Wednesday, June 9, 2010


“History”, one Israeli politician remarked, “teaches us that men and nations behave wisely after they have exhausted all other alternatives.”

As the Philippines marks the 112th anniversary of her Declaration of Independence, there is the usual temptation of perusing where the nation stands after over a century of freedom – perhaps made more poignant by the imminent inauguration of a new leader who ran on a platform of fighting what many perceived as a graft-prone pseudo-dictatorship.

The Philippines “won” independence at least three times in modern history – against Spain in June 1898, granted by the Japanese occupation on Oct. 14, 1943 and finally, accorded by treaty from the United States on July 4, 1946.

The 1898 declaration established a “Dictatorial Government of the Philippines” by virtue of a decree issued by Gen. Emilio Aguinaldo.

It provided an almost cursory rationale for forming a new, sovereign state – that freedom is an inalienable right of Filipinos.

Much of the decree merely ratified Aguinaldo’s hold on power as “the instrument chosen by God, inspite of his humble origin, to effect the redemption of this unfortunate country”. Curiously, Aguinaldo never did sign the Declaration of Independence.

It is also acknowledge the role of the US and recognized in the selection of the red, white and blue fields in the Philippine flag “as manifestation of our profound gratitude towards this Great Nation for its disinterested protection”.

The declaration was presented by Ambrosio Rianzares Bautista, then Auditor of War and Special Commissioner. Of course, America showed in the succeeding months just how “disinterested” it was in the Philippines.

The declaration acknowledged an American witness to the Declaration of Independence: a shady fellow named L.M. Johnson, purportedly a US Army Colonel and secretary of Commodore George Dewey, but who historians later speculated was actually a soldier of fortune and later became one of the owners of the landmark Alhambra Theater in Escolta, Manila.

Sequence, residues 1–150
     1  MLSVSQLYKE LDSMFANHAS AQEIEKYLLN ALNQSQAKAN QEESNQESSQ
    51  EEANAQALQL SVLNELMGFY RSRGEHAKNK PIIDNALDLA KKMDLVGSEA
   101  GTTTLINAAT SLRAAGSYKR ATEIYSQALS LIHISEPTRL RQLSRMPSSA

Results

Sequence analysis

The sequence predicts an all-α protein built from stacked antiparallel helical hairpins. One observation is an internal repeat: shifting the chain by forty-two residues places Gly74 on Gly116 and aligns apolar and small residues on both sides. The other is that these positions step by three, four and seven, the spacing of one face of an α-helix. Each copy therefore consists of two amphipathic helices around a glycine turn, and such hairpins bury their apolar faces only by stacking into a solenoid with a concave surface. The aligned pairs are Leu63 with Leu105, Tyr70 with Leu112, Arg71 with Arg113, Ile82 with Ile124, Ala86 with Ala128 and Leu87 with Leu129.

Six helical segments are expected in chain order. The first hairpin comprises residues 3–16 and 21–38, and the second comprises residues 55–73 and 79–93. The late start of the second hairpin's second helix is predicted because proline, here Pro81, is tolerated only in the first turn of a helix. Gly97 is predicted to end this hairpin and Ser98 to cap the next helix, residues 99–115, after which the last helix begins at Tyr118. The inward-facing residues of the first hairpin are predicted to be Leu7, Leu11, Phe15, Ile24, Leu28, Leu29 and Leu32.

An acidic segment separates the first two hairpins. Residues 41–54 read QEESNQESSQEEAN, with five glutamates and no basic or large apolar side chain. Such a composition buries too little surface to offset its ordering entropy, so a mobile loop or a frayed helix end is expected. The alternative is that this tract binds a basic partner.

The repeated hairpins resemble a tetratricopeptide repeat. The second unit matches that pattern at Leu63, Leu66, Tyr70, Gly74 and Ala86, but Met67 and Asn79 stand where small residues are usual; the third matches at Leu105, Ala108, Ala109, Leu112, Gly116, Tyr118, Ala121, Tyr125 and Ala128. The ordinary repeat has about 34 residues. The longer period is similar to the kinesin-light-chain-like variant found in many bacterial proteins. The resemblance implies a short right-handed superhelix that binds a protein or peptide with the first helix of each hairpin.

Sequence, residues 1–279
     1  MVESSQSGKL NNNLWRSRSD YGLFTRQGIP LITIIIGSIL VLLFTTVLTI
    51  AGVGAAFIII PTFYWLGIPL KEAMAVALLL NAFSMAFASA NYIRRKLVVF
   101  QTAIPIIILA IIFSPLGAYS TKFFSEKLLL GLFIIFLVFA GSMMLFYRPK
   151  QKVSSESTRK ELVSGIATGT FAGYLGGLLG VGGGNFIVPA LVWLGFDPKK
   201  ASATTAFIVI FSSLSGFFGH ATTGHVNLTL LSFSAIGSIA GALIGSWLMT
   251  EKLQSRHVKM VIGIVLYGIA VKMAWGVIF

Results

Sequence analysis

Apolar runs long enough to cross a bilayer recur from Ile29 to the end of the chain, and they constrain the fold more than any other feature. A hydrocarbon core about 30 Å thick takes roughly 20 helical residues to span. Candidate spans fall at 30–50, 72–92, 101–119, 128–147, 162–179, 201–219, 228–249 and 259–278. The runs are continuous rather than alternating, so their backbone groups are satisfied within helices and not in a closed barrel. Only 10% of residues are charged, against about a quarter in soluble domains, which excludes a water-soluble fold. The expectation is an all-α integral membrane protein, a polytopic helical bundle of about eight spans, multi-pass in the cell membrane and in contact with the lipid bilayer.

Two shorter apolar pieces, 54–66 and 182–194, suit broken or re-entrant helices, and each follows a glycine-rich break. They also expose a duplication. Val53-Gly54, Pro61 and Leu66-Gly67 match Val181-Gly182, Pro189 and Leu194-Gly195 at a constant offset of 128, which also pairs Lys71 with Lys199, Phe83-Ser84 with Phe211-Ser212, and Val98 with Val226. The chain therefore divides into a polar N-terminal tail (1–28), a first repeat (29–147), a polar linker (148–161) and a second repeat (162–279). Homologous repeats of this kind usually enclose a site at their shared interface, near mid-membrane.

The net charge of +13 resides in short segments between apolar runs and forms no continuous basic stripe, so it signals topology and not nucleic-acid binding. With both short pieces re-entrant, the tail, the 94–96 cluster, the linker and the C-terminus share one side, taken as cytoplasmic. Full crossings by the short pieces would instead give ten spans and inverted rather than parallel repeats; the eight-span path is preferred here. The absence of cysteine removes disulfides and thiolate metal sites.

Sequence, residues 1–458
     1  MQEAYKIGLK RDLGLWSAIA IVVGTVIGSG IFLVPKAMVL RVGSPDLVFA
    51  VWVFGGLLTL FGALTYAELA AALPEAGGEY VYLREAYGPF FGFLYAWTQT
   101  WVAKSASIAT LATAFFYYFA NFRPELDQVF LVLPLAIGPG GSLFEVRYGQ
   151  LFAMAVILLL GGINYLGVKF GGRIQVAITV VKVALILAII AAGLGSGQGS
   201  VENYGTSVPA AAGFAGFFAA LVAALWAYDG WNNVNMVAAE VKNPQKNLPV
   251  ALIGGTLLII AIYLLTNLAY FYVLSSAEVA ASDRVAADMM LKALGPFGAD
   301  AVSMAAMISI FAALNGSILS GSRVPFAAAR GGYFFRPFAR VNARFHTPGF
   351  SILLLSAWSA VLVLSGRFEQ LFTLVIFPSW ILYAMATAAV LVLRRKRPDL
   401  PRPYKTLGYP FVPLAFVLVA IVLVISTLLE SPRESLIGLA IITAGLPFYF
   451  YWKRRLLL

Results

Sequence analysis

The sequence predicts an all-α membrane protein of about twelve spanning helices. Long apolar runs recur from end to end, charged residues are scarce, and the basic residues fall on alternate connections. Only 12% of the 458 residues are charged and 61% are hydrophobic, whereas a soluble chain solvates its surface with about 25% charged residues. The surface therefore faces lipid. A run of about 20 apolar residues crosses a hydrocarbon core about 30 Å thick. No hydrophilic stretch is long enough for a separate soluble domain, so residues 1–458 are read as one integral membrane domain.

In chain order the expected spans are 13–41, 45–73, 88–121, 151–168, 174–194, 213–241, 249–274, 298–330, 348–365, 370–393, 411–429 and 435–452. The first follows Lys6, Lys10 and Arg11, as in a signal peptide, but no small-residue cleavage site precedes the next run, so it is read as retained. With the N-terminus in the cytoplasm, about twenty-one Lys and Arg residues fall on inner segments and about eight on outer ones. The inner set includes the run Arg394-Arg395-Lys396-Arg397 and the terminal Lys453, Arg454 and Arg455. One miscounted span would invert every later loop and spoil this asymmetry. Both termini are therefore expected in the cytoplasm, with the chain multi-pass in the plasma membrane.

When the US treaty granting independence to the Philippines was signed in 1946, the document proved as sparse as the 1898 declaration was grammatically grandiose. It was bereft of any lofty ideals nor some sage advise like something a father would say to a son finally going off on his own.

It was a simple, cut-and-dry contract that renounced US control over the Philippines “except the use of such bases, necessary appurtenances to such bases and the rights incident thereto, as the United States of America, by agreement with the Republic of the Philippines, may deem necessary to retain for the mutual protection of the United States of American and of the Republic of the Philippines.”

We searched for words in the documents to declaring the Philippines to be free that could perhaps explain the Filipino spirit and devotion to liberty, helping define People Power and continuously demonstrating a commitment to that most fundamental of tenets that “all men are created equal”.

We’d like to believe that we were searching in the wrong place.

The independence and freedom that Filipinos enjoy and flex today may not attributed to some parchment, no matter how historic they may be.

Everytime a Filipino refuses to accept poverty as a shackle that holds him to an uncertain future, and strives to improve his lot whether at home or by finding a job in distant lands – he declares independence for himself, his family and his nation.

We believe that everytime a Filipino shouts at the top of his lungs to denounce oppression, injustice and just plain evil – he liberates himself, his family and his nation.

And everytime a Filipino comes to the aid of a stricken brother or sister during a great flood or terrible earthquake, risking his own life in the rescue, he gives meaning to what it takes to be free.

That’s the reason perhaps we’ve never been to the parade at the Luneta. We’ve just never felt it was the place to find the meaning of the birth of Filipino nationhood.

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